I took this picture in Islington on Cross Street at the junction of Essex Road and wanted to make a right turn onto Essex Road.
While I was waiting behind the lorry, another rider passed us and positioned herself in front of the vehicle. I guess that she can be seen by the driver (I’m not completely shure, however).
Nevertheless, I think she took unnecessary risks. First of all, she did not try to make eye contact with the lorry driver who – as I could see in his rear mirror – talking on the phone and hence not fully concentrating on the traffic. Secondly, the rider stands in front of her traffic lights and hence will find it hard to realise when the lights switch to green. However, in such a situation, it is important to get out of the way of the lorry as quickly as possible.
Maybe this is just wishful thinking. Maybe, however, the 2nd February 2012 might be seen as a historic day for cycling in London when people will look back in a few years.
Today might be remembered as the day when the real cycling revolution in London started.
Today, “The Times” , one of the oldest newspapers of the world, kicked off an amazing and impressive campaign to make British cities safer for cyclists. “Safe our cyclists”, the newspaper urged on its front page.
The University of the Arts London has launched a campaign called “Right to Ride” after Deep Lee, one of its students, was killed by a lorry at King’s Cross last year.
Local newspapers like the Evening Standard and the Camden New Journal report meticulously about cycling related issues and the London Cycling Campaign works on a large initiative called “Go Dutch”.
On top of all this comes the impressive and vocal campaign by “The Times”, triggered by the accident of Times reporter Mary Bowers who was crushed by a lorry in November in front of the newspapers offices in Wapping and has been in a coma until today.
This campaign might be the tipping point.
The fact that “The Times” embarks on the topic proves that cycling has become mainstream. It’s not just the pastime of tree huggers or overly active lads in lycra. It’s an everyday activity that ordinary people do. It’s the fastest, cheapest and most environmentally friendly way to get around in central London. And we have the right to cycle without constant fear.
In an election year, the safety of cyclists has become one of the big issues in London. Until today, Transport for London and Boris Johnson have not taken the issue seriously. They have chosen to ignore the fact that planning priorities and road design are to blame for many deaths and injuries of cyclists.
This approach has become much, much harder to hold up.
It is with deeply mixed feelings that I realised a few days ago there will be a new docking station for Boris bikes north of King’s Cross. It will be on Crinan Street right next to King’s Place, where the Guardian resides. It looks like it will be opened soon.
On the one hand side, it’s really good to see the expansion of the cycle hire scheme in the King’s Cross area. The network of docking stations is particularly patchy in this part of the city. Although I’m only a very casual user of the scheme (I prefer to use my own bike) it’s very convenient to have a docking station right next to my office on Crinan Street.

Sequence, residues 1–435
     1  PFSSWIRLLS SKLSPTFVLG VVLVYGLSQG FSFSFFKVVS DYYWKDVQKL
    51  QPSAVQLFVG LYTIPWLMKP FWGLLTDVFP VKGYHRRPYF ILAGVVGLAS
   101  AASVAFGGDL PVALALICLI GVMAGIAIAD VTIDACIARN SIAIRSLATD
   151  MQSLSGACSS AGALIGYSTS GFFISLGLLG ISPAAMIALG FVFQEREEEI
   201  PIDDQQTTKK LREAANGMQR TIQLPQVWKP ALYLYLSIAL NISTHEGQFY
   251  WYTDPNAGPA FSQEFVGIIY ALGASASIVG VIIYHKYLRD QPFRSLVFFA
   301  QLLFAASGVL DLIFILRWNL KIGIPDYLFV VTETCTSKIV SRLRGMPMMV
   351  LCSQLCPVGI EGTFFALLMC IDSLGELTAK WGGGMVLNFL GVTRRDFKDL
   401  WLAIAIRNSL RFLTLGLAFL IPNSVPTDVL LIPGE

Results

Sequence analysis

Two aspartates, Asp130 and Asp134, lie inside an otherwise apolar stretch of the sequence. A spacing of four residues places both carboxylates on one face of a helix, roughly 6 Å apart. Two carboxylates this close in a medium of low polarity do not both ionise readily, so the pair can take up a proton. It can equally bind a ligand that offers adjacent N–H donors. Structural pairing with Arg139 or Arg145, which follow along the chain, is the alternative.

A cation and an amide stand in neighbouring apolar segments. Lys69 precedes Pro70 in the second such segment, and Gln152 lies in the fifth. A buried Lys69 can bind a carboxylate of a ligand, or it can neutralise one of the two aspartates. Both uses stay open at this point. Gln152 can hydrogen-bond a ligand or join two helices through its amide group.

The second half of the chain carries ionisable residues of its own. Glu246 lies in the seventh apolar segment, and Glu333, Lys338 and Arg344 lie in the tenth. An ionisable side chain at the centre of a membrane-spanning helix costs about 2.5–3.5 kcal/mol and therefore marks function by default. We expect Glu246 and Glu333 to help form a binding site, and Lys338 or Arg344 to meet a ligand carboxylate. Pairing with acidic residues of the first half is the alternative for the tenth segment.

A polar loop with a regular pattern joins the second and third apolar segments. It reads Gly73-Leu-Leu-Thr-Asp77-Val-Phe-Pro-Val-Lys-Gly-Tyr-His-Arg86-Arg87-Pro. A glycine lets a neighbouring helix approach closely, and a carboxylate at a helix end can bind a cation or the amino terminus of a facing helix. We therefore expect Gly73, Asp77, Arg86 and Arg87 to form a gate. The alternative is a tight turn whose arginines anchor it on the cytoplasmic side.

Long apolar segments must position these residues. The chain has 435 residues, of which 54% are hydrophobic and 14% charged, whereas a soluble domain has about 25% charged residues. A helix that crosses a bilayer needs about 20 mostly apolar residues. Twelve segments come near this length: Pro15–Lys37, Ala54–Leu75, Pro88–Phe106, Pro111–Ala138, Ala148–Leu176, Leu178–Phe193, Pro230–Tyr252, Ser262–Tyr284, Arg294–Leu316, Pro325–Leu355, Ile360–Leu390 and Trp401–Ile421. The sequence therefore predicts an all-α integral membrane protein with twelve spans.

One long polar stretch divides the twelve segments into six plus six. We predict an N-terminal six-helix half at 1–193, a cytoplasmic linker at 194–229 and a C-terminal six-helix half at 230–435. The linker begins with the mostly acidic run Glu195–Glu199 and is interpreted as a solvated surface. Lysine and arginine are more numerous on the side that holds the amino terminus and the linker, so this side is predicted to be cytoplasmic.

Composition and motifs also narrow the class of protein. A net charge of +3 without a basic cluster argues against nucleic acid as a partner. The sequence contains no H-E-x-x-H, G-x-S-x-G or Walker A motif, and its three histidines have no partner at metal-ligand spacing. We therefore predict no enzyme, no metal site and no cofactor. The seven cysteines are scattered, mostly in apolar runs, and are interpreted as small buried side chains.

On the other hand, the new docking station really gives me shivers. If you want to use it, you have to ride your bike on one of the most notorious and cycling unfriendly areas of central London – the infamous King’s Cross gyratory.
A TfL representative insisted that introducing a cycle lane at the junction would “cause considerable queues”, stressing that there was “limited time” to conduct a review of the proposed changes for the junction because of a “commitment” to make them in time for the Olympic Games.
There are no bike facilities on York Way whatsoever and cycling there is absolutely counter intuitive. Between Euston Road and Wharfdale Road, the left lane is used as a bus stop. Northbound cyclists who keep left happen to be squeezed in the middle of the traffic: busses on their left, fast moving cars and lorries on their right.
I cycled there quite often and came to the conclusion that the “safest” way to ride there is if you position yourself on the road like a cyclist in Europe would do: I keep on the outer right lane next to the curb.
However, if you want to carry on north behind Wharfdale Road, you have to cross two lanes of car traffic because York Way ceases to be a one-way street there. To get to the docking station on Crinan Street, you have to cross York Way with its four lanes of fast moving, aggressive drivers. (The better way to get to the docking station is a right turn onto Wharfdale Road and then a left into Crinan Street, but tourists and people not familiar with the area won’t know.)
I consider myself an experienced cyclist who tends not be scared easily but I always feel extremely queasy when I cycle on York Way. I usually use Pancras Way as an alternative to York Way . However, this tiny street between King’s Cross Station and St. Pancras Station currently quite often comes closer to a car park for cabs than a street. In peak hours, it is almost impossible to cycle there at all. On top of that, Goods Way north of St. Pancras currently is a one way street in eastern direction and you have to cycle illegally on the curb if you want to get to King’s Place.
Leaving the docking station on Crinan Street by bike is a similar nightmare since you can’t use the York Way south of Wharfdale Road. Imagine you cycled to the docking station on Crinan Street and find out it is full. If you’re not aware of Pancras Street, cycling back to the docking stations south of King’s Cross resembles a very personal “Tour du Danger”.
All in all, the docking station on Crinan Street makes the case for segregated cycle lanes in the area even more compelling. Anything else would just be irresponsible and a gamble with human life.